The west coast of Britain is rich in renewable resources -- particularly wind energy, but if they are to be fully exploited to help meet government renewables targets, the existing electricity infrastructure needs upgrading. One option, says the government, is an underwater cable of some 400 miles linking the western seaboard of Scotland, northwest England, Northern Ireland, west Wales and, possibly, the southwest of England to the main grid.
A government funded initial feasibility study is to be carried out by consultants PB Power Ltd which will look at cost, geographic location, and the extent to which renewables would benefit from an interconnector. The study is expected to be completed by the end of 2001. If it shows that an interconnector is economically and technically viable, a second study will follow to examine the detailed cable route and points of connection with the electricity transmission network.
"The UK has huge untapped renewable resources, but much of this potential cannot be fully utilised at present because of weak or non existent electricity infrastructure in some places. The proposed interconnector is a possible means of capturing this power flow and transmitting it around the UK, without encountering many of the inevitable environmental concerns which land based transmission systems would attract," says energy minister Brian Wilson.
He adds that the western seaboard, from the Hebrides down to the west country, could contribute far more of the country's energy needs if the transmission deficiency could be overcome. "The economic implications of these proposals are enormous," he says.
According to Department of Trade and Industry (DTI) figures, the cable could cost around £400 million at £1 million per mile -- although it stresses this price would depend on the sub-sea terrain. But this would double the cost of offshore wind energy, warns energy consultant David Milborrow. A cable of that length needs to be direct current (DC), he explains. "For £1 million per mile you are unlikely to be able to afford a cable with a rating above about 400 MW." Four hundred megawatts of offshore wind would cost about £400 million, so the interconnector roughly doubles the cost of delivering the power, says Milborrow. "Although wind speeds in Scotland are good, the energy yields that could be achieved are nowhere near double those around the English coast. So you would end up with a hefty electricity price premium," he adds. "The sums still do not add up if you look at the possibility of exporting higher power levels; cable costs then go well above £1 million/mile and the electricity price premium is about the same."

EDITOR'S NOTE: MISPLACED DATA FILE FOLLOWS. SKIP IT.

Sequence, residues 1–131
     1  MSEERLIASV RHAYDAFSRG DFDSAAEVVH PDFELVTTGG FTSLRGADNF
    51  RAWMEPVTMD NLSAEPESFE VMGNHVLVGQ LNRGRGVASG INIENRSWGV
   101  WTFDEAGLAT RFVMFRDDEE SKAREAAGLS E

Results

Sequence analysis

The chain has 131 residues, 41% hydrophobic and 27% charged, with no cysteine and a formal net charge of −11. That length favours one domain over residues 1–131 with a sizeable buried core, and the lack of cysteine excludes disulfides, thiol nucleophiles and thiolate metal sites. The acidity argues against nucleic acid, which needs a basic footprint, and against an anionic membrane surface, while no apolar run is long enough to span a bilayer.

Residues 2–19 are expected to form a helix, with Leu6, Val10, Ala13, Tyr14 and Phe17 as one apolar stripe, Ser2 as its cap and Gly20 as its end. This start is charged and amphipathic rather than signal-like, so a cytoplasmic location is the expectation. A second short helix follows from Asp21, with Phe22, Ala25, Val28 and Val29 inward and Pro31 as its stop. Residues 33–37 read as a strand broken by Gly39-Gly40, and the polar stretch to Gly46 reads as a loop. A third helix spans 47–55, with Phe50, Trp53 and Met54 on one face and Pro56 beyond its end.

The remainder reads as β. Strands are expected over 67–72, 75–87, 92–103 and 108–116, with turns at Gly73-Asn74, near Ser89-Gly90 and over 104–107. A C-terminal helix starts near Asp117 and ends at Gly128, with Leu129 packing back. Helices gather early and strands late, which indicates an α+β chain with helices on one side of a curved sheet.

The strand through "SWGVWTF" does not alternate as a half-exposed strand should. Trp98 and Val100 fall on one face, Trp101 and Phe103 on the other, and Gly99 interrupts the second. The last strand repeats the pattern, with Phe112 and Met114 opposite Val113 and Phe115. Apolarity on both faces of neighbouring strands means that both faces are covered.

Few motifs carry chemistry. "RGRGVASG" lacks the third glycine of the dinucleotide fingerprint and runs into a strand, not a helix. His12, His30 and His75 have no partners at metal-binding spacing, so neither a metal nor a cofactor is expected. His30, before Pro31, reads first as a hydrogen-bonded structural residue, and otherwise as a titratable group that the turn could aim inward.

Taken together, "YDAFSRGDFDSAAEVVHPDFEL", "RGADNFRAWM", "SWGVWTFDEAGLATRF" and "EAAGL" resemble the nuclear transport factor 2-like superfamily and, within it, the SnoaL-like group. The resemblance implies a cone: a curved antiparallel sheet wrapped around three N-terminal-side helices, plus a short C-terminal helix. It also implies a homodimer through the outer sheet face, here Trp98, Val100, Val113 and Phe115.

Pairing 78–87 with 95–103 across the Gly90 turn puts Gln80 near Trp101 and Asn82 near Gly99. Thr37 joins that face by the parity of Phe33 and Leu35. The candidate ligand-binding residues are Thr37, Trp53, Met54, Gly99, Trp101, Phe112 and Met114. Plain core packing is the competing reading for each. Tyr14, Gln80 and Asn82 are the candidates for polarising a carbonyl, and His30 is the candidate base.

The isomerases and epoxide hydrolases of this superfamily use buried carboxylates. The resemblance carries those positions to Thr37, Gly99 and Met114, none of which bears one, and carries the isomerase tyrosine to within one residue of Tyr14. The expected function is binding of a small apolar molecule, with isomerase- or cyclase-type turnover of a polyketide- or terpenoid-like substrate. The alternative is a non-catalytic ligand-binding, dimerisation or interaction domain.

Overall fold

The DTI stresses the cable will help the country meet its aim of 10% of electricity from renewables by 2010, and will prepare for the longer term when it anticipates setting tougher targets. Ten of the first round of offshore wind farms are already planned for the north Irish Sea and further offshore wind farms and extensions to the current round of offshore projects are likely to be built later.